For many years I’ve dreamed of hiking the Long Trail from one end to the other. This past summer, I finally made it happen. On August 30, I set out on the Pine Cobble Trail in Williamstown, MA. Four weeks later, I stepped into the clearing along the Canadian border at Line Post 592. In between, I had a great adventure that I will never forget.
All the way across the ridge, I was alone. Even as I enjoyed the view from the chin, there was not another soul in sight. I had all of Mt Mansfield to myself.
As with any experience, my hike was filled with good times and bad. What surprised me was how quickly one could turn into the other. For example, there was the day I hiked over Mt Mansfield. This day was strangely broken into three parts. The first part was without a doubt the best part of my trip. The last part was among the worst.
I started up from Butler Lodge early on a gorgeous sunny day with a light breeze. I reached the Forehead with not a soul in sight. After enjoying the view and catching my breath, I began my walk across the ridge. At the summit station, there still were no other people. I began to wonder how far I could go on this beautiful fall day before I encountered another person. All the way across the ridge, I was alone. Even as I enjoyed the view from the chin, there was not another soul in sight. I had all of Mt Mansfield to myself.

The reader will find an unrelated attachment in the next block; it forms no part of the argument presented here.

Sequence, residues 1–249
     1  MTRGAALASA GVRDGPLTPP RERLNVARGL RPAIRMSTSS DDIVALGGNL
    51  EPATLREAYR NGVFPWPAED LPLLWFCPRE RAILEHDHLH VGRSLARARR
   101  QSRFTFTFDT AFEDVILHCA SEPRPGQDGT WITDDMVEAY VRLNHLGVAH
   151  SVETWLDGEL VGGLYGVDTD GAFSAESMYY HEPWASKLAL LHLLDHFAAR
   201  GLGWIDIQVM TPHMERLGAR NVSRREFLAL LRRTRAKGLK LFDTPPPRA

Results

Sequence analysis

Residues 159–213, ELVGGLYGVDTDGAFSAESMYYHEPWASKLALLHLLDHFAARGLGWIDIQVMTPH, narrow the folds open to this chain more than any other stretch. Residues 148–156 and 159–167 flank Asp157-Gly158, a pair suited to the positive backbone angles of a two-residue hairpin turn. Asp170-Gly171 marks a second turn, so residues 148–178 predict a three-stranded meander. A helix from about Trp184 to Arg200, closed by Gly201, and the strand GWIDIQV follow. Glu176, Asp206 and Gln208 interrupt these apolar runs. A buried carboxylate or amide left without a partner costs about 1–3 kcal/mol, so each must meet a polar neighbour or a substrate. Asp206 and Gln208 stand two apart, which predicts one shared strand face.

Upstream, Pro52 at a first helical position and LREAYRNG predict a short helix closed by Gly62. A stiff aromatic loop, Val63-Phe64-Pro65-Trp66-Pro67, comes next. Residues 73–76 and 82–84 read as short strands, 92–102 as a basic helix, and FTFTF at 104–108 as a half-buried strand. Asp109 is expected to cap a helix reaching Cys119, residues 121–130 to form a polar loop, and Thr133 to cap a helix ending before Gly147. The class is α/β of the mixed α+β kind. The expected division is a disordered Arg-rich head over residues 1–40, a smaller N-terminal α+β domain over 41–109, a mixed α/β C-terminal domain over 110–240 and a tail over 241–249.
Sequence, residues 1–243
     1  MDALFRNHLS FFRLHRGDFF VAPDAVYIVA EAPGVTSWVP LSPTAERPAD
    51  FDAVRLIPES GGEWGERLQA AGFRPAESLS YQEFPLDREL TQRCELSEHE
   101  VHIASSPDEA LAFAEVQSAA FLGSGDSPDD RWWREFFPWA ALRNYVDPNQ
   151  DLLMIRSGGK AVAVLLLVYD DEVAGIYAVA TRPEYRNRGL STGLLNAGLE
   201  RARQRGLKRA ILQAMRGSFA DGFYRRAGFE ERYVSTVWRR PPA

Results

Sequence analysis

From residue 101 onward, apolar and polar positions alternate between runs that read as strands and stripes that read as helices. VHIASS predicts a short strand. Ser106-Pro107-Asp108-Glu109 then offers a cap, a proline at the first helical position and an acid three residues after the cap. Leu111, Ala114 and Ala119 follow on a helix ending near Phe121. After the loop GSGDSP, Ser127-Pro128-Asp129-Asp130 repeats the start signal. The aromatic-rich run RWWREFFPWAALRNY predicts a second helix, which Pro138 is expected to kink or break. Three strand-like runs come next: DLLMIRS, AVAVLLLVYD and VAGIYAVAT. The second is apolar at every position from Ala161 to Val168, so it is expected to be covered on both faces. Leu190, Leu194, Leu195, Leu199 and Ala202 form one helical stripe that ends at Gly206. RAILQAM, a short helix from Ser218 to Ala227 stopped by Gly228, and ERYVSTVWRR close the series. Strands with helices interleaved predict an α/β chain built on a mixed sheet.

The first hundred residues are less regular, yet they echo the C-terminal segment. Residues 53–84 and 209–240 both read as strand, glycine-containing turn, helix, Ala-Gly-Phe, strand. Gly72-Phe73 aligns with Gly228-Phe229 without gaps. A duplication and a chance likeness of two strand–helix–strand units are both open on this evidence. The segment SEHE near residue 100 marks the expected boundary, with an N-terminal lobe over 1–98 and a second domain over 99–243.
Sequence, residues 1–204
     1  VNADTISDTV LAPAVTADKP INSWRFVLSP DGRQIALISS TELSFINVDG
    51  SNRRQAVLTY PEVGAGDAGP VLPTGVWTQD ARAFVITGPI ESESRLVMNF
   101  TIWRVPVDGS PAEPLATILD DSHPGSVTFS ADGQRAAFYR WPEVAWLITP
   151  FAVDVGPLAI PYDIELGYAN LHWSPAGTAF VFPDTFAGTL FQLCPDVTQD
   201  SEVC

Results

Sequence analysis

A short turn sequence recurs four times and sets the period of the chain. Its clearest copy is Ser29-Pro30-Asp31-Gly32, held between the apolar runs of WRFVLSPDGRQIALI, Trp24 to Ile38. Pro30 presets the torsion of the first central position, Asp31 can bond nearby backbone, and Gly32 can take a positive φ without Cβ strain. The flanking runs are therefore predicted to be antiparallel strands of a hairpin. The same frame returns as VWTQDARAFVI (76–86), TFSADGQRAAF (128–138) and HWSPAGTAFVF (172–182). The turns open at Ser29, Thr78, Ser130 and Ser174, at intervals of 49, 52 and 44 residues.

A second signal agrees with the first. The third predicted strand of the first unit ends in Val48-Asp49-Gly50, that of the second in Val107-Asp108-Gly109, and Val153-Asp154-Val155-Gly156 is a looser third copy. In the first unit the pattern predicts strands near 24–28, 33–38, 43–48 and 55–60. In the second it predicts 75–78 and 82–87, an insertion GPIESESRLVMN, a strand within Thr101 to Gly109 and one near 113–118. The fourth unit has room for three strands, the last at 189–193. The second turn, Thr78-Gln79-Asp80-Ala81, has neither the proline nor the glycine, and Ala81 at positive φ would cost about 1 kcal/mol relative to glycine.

I moved on down to Taft Lodge: still no one. For 45 minutes, I just sat soaking up the sun. These are the words I wrote in my journal, “I’m sitting on the porch at Taft and there is still no one around. But for the sounds from the valley below, I could almost believe that I’m the only human left alive. Sometimes this would produce a very lonely feeling. Today it feels like a gift. Solitude / loneliness two sides of the same coin. Today it came up heads.”
The second part of this day took place in Smugglers’ Notch where I was greeted by about 15 people from work who came with pizza, soda, and cookies and threw me a party. It was great fun. Everyone wanted to hear about my trip. Thankfully, no one talked about work. As we were wrapping up, the Sterling Pond caretaker happened by with a friend. When they were offered our left-over pizza, they were thrilled to accept. When they figured out I was thru-hiking, we connected and started talking trail-talk. My co-workers found this fascinating, especially when I told them my trail name and our visitors said they’d heard about me. The thought of “gossip” spreading up and down the trail seemed quite funny to them.
Then came part three of this long day. Just before I left the party, someone warned me that bad weather was ahead. I made the grueling climb up Elephant’s Head, past Sterling Pond and Madonna. As I approached Whiteface Shelter the wind picked up and the clouds rolled in. It was clear I’d be spending the night here alone. I began to worry that I might be in real trouble if it began to rain in the night since Whiteface is so exposed. I also worried about hiking over Whiteface Mountain in the rain the next day. I worked myself up into such frenzy that I got almost no sleep.
Sure enough, the next day was rainy and miserable and turned out to be one of the worst days of my hike. But I stuck it out and four days later I was dancing around Line Post 592. What I found was that long distance hiking is not so much a physical challenge as a mental and emotional challenge. Hiking the Long Trail is truly an experience of ups and downs.